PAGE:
And nationalism even lingered on for a while in the post-war American Left. JFK's "My fellow Americans, ask not what your country can do for you, ask what you can do for your country" was essentially what Hitler also preached to Germans.

Just to show that Hitler actually won his elections by socialist appeals, note one of his election posters below:

It translates as: The Marshall and the corporal fight alongside us for peace and equal rights", which is very much what the American Left preached during the Cold War. Here's another one:

It translates as "With Hitler against the armaments madness of the world". Again that could have been a slogan of the American Left during the Cold War. The Left to this day criticizes military spending.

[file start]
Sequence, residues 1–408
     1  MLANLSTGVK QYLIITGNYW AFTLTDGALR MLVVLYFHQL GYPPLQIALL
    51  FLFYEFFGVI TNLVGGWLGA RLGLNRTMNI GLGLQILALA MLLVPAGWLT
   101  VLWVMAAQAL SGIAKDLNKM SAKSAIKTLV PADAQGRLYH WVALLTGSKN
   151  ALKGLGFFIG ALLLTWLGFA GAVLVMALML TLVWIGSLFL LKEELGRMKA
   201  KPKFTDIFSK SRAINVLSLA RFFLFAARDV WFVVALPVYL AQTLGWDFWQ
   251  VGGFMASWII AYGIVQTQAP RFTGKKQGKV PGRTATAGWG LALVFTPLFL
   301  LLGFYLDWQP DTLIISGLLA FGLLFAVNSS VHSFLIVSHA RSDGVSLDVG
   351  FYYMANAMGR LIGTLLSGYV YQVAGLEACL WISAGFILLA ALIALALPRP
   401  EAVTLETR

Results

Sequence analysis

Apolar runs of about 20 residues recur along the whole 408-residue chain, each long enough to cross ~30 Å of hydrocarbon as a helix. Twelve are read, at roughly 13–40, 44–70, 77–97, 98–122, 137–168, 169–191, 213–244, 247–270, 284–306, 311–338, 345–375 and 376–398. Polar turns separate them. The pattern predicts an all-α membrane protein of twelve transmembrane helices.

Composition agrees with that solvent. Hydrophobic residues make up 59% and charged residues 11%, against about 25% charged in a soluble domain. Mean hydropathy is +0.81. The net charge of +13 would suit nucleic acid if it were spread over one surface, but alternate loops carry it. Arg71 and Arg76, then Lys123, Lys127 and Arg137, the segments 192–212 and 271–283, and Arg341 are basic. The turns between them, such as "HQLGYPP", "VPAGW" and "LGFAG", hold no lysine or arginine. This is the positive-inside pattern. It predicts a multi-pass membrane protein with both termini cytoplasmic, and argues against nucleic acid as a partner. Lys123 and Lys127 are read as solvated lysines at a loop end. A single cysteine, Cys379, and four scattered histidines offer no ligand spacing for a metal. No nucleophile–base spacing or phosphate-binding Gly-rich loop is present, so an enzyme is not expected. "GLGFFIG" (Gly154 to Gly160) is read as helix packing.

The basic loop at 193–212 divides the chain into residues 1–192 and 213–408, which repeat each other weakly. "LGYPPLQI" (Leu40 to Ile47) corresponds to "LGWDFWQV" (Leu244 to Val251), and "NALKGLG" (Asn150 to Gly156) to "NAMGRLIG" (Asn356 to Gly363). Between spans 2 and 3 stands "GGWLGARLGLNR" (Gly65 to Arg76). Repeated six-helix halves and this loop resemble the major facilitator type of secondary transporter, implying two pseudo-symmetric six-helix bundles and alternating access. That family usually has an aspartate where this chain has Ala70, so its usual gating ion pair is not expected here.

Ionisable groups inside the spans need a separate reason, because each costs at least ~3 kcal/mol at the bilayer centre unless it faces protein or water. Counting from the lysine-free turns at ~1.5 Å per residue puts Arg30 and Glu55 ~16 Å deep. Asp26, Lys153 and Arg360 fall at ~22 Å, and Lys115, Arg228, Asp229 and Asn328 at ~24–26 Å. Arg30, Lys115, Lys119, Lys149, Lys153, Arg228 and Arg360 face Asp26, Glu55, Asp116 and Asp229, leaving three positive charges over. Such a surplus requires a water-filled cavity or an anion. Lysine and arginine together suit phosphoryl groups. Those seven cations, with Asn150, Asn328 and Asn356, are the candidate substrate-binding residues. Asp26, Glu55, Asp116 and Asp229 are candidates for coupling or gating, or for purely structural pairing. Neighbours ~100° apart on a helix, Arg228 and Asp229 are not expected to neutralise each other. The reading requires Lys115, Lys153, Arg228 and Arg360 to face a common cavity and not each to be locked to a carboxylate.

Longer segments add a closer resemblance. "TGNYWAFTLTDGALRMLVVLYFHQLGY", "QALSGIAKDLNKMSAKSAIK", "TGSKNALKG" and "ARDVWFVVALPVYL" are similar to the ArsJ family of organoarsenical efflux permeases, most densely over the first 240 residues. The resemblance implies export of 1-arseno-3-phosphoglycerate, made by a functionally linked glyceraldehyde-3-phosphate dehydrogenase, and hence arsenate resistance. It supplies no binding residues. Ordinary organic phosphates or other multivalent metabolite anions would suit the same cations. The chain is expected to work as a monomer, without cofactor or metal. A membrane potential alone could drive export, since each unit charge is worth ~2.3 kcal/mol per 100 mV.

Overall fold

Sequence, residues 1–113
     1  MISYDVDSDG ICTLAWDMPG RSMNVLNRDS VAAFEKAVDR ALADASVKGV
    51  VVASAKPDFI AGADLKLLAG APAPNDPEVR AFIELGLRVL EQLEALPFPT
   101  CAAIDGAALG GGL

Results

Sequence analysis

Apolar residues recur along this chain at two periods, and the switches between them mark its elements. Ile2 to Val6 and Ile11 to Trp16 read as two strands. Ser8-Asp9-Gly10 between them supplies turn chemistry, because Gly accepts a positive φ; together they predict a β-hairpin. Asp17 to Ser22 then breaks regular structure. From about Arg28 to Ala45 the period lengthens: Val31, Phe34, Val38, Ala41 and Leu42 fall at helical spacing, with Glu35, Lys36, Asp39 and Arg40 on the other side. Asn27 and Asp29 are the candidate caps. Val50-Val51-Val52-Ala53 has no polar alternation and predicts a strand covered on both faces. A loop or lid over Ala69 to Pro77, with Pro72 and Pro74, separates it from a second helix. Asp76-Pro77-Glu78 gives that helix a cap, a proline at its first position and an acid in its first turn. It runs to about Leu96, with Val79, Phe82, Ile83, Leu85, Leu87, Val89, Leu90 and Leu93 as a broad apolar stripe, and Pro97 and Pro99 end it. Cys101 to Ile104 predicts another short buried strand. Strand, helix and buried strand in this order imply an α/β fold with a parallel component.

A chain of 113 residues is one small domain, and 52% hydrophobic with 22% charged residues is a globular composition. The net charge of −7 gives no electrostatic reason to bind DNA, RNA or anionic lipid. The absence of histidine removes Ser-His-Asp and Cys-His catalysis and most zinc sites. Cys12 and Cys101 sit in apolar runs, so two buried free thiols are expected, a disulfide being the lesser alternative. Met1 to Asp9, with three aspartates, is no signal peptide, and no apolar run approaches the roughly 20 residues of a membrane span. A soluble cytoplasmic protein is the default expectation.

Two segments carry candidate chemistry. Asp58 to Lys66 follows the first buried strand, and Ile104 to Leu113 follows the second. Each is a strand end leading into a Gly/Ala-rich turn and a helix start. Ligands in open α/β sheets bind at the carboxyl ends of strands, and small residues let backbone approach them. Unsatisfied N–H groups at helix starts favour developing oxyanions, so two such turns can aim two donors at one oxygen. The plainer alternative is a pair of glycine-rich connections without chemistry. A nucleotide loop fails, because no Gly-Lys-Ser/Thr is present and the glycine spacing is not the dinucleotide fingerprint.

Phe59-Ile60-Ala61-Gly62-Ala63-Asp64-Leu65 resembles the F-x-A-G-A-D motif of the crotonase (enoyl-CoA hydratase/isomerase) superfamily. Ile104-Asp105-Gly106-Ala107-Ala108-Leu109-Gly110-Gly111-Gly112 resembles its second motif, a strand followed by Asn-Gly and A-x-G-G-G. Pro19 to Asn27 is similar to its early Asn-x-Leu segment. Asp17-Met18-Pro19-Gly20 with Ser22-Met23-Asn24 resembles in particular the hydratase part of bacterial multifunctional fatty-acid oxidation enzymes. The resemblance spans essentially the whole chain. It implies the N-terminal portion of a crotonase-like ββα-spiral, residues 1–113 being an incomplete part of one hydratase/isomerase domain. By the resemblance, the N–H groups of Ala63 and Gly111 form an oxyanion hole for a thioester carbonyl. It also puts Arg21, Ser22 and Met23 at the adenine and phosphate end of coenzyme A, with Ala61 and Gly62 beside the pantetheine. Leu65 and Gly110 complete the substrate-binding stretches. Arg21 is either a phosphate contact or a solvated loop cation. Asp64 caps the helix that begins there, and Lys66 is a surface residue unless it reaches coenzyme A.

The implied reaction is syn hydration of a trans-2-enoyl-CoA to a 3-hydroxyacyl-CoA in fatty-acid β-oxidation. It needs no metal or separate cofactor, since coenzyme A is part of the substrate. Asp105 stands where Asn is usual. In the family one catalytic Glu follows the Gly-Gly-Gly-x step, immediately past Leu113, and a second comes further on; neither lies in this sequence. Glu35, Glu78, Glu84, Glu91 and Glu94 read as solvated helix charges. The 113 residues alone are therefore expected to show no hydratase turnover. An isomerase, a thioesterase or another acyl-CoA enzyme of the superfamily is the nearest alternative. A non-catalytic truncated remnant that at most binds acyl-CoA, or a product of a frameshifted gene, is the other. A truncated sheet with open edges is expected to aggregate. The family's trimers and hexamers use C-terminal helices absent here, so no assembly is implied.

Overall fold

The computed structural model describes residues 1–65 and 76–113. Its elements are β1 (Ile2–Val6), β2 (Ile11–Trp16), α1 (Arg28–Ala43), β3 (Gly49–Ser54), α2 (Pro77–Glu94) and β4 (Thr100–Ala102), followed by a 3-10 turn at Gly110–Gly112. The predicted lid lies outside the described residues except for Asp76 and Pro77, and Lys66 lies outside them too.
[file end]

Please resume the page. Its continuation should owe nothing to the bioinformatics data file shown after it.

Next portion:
So there you have the very great and embarrassing problem that faced the American Left after 1945. They somehow had to dissociate themselves from the reviled Hitler. He had actually put their ideas into practice. Ideally, they had to blame Hitler on conservatives, as unlikely as that was -- considering that the most relentless foe of Hitler had been the arch-Conservative Winston Churchill. But they accomplished their task. To most people today, Hitler is known as "right wing".

So you can see where I am going here. The big lie that Hitler was a "Rightist" shows the way for the big lie of global warming.

How did the Left do it? With the complicity of the whole American Left, including the media. With so many people preaching the lie, it became accepted as fact. In truth, Hitler was to the right of Russia only, in that he was less destructive of the existing society. But that shred of truth was focused on. The American Left as a whole adopted the Soviet "line".